Acts 1:1-11, Eph 1:15-23, Luke 24:44-53 (with a shoutout to Matthew 28:16-17)
St. Augustine of Hippo said, “If you believe what you like in the gospel and reject what you don’t like, it’s not the gospel you believe but yourself.”
When I hear Augustine’s words I can’t help but think of Jesus’ Ascension. The Ascension is the embarrassing event. The hard to believe event. The event most Christians would rather just avoid thinking about. Ask us about the incarnation and without blinking we say, “God did something amazing.” Ask of the resurrection and we think, “500 people at one time saw Jesus and people don’t have group hallucinations.” But bring up the Ascension…A group of guys standing around 40 days later watching Jesus’ feet disappear into heaven. Its’ …awkward, Ok.
A variety of scholars will tell you that the ancient world had numerous “ascensions.” Rome had Romulus and Augustus, The Greeks, Hercules. In the Bible, Genesis has Enoch whose story ends with “and God took him,” and in 2 Kings 2 Elijah disappears in a whirlwind. But, no matter how many reports may have been out there, the New Testament witnesses don’t seem any more comfortable with the Ascension than we are. They tell the story with as little elaboration as possible, and with more than a hint of confusion. In the description in Acts 1, two men in white appear and ask them, “why are you standing around looking into heaven in the middle of a workday?” It’s a wonder they didn’t respond, “Are you kidding? Our friend, who we watched them kill stone cold dead, has been hanging out with us for more than a month telling us he would ascend to the Father. And. He. Just. Did. So excuse us, if even though he told us what he was going to do, we just can’t stop looking.”
In the book of Acts we find out the disciples did what one would assume they would do when God does something beyond explanation: They worshipped. We Christians still worship on Ascension Day. The church in Jerusalem has gathered on this day on the Mount of Olives from at least the late 300s. A simple chapel with a hole in the roof sits over a rock tradition says is the place from which Jesus left. You can stand there and look up and see the sky.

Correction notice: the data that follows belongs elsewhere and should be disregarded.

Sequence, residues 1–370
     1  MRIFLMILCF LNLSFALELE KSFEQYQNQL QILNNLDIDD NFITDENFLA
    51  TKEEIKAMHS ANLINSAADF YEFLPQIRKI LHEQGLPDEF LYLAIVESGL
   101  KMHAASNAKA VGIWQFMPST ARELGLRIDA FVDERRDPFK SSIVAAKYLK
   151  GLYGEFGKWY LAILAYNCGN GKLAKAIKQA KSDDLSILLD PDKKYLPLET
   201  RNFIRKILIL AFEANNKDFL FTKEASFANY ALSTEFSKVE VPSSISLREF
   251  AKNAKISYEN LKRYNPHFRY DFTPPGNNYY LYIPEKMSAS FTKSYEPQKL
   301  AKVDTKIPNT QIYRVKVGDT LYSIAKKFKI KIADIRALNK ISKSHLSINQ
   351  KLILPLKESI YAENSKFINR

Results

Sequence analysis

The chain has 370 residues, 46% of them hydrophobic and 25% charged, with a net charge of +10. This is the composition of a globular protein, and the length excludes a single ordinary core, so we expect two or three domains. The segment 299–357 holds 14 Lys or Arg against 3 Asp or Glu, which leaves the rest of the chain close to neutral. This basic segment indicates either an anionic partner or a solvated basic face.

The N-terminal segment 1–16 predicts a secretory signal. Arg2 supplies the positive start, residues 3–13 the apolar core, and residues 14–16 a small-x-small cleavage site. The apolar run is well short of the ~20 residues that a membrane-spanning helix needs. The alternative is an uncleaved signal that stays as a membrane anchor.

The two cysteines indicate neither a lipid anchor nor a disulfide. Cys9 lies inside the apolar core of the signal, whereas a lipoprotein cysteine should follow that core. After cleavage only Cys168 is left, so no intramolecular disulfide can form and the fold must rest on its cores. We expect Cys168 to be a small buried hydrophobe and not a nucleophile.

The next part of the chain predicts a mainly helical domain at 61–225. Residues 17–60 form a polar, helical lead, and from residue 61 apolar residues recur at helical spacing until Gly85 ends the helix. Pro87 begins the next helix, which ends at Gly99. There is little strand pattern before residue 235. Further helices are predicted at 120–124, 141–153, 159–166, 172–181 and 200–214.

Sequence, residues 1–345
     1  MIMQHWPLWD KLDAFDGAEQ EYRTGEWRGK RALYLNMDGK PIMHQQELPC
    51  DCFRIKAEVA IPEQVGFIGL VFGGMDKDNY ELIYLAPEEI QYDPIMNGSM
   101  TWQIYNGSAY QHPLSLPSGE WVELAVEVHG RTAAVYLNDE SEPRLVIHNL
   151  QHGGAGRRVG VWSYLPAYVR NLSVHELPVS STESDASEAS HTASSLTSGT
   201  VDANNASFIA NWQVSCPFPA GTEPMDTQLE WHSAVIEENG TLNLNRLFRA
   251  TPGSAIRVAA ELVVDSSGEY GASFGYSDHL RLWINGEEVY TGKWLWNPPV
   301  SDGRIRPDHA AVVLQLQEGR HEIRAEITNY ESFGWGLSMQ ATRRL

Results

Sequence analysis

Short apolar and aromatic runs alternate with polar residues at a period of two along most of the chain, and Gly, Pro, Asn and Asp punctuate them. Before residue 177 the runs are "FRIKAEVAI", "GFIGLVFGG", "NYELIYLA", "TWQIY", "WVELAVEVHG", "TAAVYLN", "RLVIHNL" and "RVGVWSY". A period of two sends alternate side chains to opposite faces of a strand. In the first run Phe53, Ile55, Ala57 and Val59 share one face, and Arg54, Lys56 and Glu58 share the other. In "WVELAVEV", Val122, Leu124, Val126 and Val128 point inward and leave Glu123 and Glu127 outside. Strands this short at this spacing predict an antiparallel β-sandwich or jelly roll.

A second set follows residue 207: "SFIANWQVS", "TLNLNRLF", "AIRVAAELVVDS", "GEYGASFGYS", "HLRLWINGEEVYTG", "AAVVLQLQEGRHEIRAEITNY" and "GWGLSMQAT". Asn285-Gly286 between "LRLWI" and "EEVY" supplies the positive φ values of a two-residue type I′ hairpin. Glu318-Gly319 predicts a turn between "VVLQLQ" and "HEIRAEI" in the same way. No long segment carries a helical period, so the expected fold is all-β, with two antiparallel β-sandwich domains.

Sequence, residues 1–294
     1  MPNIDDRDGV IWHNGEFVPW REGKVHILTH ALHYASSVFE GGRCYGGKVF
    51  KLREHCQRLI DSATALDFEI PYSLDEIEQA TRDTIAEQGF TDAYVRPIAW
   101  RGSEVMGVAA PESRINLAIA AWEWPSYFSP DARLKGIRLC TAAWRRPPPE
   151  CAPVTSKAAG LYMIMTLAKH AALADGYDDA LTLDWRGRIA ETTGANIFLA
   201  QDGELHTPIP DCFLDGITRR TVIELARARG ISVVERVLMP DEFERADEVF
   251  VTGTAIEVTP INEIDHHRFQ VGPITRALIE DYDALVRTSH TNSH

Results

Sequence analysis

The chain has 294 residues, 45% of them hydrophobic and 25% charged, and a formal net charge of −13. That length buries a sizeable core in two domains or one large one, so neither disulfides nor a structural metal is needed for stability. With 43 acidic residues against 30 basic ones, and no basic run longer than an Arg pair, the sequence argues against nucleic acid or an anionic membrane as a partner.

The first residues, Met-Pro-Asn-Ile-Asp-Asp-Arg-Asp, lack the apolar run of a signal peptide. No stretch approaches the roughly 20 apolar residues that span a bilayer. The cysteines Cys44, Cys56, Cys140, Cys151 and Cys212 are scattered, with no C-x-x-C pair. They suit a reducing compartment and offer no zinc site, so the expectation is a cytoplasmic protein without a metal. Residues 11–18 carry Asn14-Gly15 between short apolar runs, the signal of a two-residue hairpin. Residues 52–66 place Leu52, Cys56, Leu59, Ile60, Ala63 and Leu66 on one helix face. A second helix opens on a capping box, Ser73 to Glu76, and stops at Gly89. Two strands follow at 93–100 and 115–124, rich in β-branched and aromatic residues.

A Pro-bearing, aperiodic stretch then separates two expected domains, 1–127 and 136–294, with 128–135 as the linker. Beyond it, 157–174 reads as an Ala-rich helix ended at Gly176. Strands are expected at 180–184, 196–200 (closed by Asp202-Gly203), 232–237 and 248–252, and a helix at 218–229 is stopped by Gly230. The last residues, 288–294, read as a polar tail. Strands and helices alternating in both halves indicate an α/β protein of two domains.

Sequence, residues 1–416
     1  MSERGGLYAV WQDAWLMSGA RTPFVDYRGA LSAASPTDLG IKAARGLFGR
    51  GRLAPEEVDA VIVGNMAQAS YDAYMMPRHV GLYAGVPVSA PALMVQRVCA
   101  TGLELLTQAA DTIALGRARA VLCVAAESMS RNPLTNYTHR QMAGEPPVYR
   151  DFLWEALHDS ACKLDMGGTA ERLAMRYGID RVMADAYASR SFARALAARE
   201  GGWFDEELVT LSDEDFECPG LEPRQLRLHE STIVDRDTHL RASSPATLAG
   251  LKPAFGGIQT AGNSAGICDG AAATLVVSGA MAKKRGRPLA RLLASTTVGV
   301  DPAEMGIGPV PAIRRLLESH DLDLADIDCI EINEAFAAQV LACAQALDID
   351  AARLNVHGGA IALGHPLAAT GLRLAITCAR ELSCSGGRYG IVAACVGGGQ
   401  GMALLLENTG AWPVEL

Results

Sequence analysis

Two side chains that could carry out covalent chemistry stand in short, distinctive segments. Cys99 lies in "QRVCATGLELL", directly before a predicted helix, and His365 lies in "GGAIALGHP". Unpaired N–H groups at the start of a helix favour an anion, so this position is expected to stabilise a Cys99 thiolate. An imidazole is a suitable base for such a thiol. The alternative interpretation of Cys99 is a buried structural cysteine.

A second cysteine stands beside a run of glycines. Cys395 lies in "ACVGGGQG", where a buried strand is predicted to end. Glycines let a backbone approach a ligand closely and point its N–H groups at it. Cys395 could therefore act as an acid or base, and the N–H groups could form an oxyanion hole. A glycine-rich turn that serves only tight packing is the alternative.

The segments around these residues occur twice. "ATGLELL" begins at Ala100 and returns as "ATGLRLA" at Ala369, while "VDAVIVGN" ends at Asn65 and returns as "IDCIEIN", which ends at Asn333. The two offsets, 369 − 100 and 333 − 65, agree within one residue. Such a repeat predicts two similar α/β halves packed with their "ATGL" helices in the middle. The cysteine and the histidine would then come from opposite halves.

Unlike many of the commemorative sites in the Holy Land, this one is thoroughly unimpressive. The impressive part is long gone…seated at the right hand of the Father. As Paul said in Ephesians: “far above all rule and authority and power and dominion, and above every name that is named, not only in this age but also in the age to come.”
“How” Jesus did it is a mystery. What it must have looked like to the witnesses is as well. In the East they taught the faith with icons rather than stained glass. In iconography there is an artistic technique called a mandorla, the Italian word for almond. A mandorla is an almond, or round or starburst looking shape around Jesus that generally gets darker as you get closer to Him. It indicates a mystery beyond mere seeing. You see mandorla’s in the transfiguration, the resurrection, and the ascension. A mandorla is sort of a visual parenthesis that says, “What is happening, we saw it, but we don’t understand it…it’s a mystery.” They may have been witnesses, but they couldn’t really describe it – and painters can’t really paint it.
In the West we have all sorts of representations of the Ascension from ceramic feet disappearing through church ceilings, to Dali’s painting of the ascension that has Jesus disappearing into what looks like the atomic structure of the universe. Is it any wonder in Matthew 28:16 and 17 we read, “Now the eleven disciples went…to the mountain to which Jesus had directed them. And when they saw him they worshiped him; but some doubted.” If eyewitness were enough, you might have the inability to capture the image, but there wouldn’t be doubt.
Instead, the scripture points us towards mystery in our relationship with the risen Christ. We know Him and perceive Him, not through a set of coherent intellectual propositions, or even trust in the reliability of eyewitnesses. A “faith” founded on propositions alone, no matter how sound the argument, still fails to change the one who accepts it. That sort of faith is just opinion.
True faith is union with God, participation in the life of the risen Christ. We are not baptized into observations or opinions, we are baptized into the death and resurrection of Jesus Christ. In the language of icons, our life is plunged into the mandorla that is the Kingdom of God. God calls his people into that parenthetical state where our lives constantly refer and point to a new reality, a reality which has filled us…a quality of life that transcending opinion, is nothing less than union with God, a union that itself witnesses to the coming Kingdom.